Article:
Belfast Telegraph

War on Assange masks crimes of American power

Allegations about Julian Assange's private life have overshadowed the real triumph of WikiLeaks, says Patrick Cockburn

As Julian Assange evades arrest by taking refuge in the Ecuadorian embassy in London to escape extradition to Sweden - and possibly the US - British commentators have targeted him with shrill abuse.

They almost froth with rage as they cite petty examples of his supposed gaucheness, egotism and appearance, as if these were criminal faults.

These criticisms say more about the conventionality and herd instinct of opinion-makers than they do about Assange. Ignored, in all this, is his achievement, as founder of WikiLeaks, in publishing US government cables giving people insight into how their own governments really behave.

Thanks to WikiLeaks, more information is available about what the US and allied states are doing and thinking than ever before.

An extraordinary aspect of the campaign against Assange is that op-ed writers feel free to pump out thousands of words about his alleged faults, with never a mention of far more serious state crimes revealed by WikiLeaks.

All these critics - and the readers who agree with them - should first watch on YouTube a 17-minute video taken by the crew of an Apache helicopter over Baghdad on July 12, 2007. It shows the crew machine-gunning to death people on the ground in the belief that they are all armed insurgents.

In fact, I cannot see any arms and what, in one case, was identified as a gun turned out to be the camera of a young Reuters photographer, Namir Noor-Eldeen, who was killed along with his driver.

I was in Baghdad when the shooting took place and I remember disbelieving the Pentagon's claim that the dead were all armed insurgents, but could not prove it. Rebel gunmen did not amble about the streets in plain view when a US helicopter was nearby.

The existence of a video of the killings became known, but the US Defense Department adamantly refused to release it under freedom of information. The official story of what had happened would not have been effectively challenged if a US soldier, Bradley Manning, had not turned over the video to WikiLeaks, which released it in 2010.

The cables obtained by WikiLeaks were published later that year in five newspapers - The New York Times, The Guardian, Le Monde, Der Spiegel and El Pais. The Belfast Telegraph has since published hundreds of confidential State Department cables in conjunction with WikiLeaks.

But the response to Assange himself was surprisingly mean-spirited and dismissive. Journalists seemed angry that their professional territory was being invaded by an Australian computer nerd doing their job.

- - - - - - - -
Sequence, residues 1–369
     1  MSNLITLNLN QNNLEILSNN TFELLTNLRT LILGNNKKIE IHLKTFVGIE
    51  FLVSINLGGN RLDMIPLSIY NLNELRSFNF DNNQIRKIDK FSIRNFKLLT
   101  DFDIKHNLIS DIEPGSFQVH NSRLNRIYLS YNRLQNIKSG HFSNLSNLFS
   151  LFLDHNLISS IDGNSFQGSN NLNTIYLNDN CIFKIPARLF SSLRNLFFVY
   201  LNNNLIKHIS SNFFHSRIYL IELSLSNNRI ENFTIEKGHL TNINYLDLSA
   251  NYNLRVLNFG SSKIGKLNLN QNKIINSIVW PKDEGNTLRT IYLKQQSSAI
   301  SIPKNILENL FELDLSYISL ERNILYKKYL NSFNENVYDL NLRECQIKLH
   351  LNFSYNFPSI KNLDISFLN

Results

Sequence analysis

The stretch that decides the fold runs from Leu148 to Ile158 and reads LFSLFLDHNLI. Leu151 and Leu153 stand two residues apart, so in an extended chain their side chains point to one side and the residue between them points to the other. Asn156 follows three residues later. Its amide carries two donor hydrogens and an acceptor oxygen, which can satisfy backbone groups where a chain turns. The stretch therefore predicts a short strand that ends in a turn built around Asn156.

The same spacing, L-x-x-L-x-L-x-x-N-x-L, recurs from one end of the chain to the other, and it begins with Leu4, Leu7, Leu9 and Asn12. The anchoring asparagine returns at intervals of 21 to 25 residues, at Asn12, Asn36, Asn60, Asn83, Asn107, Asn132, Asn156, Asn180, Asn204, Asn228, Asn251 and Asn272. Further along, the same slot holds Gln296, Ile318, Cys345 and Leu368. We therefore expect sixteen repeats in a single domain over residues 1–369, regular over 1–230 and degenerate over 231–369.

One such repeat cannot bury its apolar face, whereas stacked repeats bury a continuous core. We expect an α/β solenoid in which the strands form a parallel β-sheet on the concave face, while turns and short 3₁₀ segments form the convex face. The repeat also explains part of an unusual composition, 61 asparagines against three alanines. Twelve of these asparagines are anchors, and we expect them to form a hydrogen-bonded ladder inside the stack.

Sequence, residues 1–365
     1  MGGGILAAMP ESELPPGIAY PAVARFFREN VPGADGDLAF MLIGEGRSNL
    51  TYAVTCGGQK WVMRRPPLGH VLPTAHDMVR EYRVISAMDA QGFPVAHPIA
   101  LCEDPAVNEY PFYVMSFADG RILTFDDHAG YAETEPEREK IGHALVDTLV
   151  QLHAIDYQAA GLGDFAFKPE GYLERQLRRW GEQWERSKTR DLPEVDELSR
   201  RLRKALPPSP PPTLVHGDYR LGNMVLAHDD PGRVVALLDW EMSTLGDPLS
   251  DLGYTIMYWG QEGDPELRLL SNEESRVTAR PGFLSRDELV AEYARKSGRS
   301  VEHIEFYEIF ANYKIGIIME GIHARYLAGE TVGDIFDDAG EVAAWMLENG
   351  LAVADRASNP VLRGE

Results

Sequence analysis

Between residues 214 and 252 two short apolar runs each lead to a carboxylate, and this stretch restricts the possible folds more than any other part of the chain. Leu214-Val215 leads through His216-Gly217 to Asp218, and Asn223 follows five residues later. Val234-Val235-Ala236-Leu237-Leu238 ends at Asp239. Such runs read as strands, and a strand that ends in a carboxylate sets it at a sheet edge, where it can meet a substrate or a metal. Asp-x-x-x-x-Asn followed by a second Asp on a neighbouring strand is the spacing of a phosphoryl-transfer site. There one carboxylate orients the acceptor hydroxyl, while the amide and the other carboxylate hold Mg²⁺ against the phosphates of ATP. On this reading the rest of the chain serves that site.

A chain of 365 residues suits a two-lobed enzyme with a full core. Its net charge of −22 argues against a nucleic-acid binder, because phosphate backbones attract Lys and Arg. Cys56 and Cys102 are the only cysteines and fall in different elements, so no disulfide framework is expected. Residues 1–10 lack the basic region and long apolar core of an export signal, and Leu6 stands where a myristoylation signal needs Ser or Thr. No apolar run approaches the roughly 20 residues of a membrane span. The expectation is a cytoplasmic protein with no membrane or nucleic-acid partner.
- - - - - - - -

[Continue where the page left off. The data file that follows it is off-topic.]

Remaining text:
The British commentariat is notoriously club-like, conservative and hostile, but this, in itself, would not have been enough for so much of the media to declare open season on Assange.

What created the difference were the rape allegations made in Sweden. Rape allegations destroy a reputation, however flimsy, or non-existent, the evidence, or convincing the rebuttal.

Assange has never really recovered from this. As for the suggestion that he exaggerates the chances of being extradited to the US from Sweden, this is surely very flip. Who would willingly take even a 5% chance that their flight to Stockholm might result in 40 years in a US prison cell?

Some adopt the official line that lives had been put in danger by the leaks. A more dismissive response was that the WikiLeaks revelations weren't that secret after all. In practice, the WikiLeaks documents are vastly and uniquely informative about what the US does and what it really thinks of the world we live.

All governments indulge in a degree of hypocrisy between what they say in public and in private. When democratic openness about general actions and policies is demanded, they pretend they are facing a call for total transparency, which would prevent effective government.

This deliberate, self-serving inflation of popular demands is usually aimed at the concealment of failure and monopolising power.

What the US government wanted to keep quiet about in Afghanistan was not just an embarrassingly negative assessment of Prime minister Hamid Karzai as their main local ally. It was that it had no credible local Afghan partner and, therefore, could not win the war against the Taliban.

Assange and WikiLeaks unmasked not diplomatic reticence in the interests of the smooth functioning of government, but duplicity to justify lost wars in which tens of thousand died.

Recent history shows that this official secrecy - frequently aided by 'embedding' journalists with armies - works all too well.

In Iraq, leading up to the 2004 US presidential election, foreign embassies in Baghdad all reported that US soldiers were only clinging to islands of territory in a hostile land. But the Bush administration was able to persuade US voters that, on the contrary, it was winning a battle to establish democracy against the remnants of Saddam Hussein's regime and Osama bin Laden's adherents.

State control of information and the ability to manipulate it makes the right to vote largely meaningless.

That is why people like Julian Assange are so essential to democratic choice.

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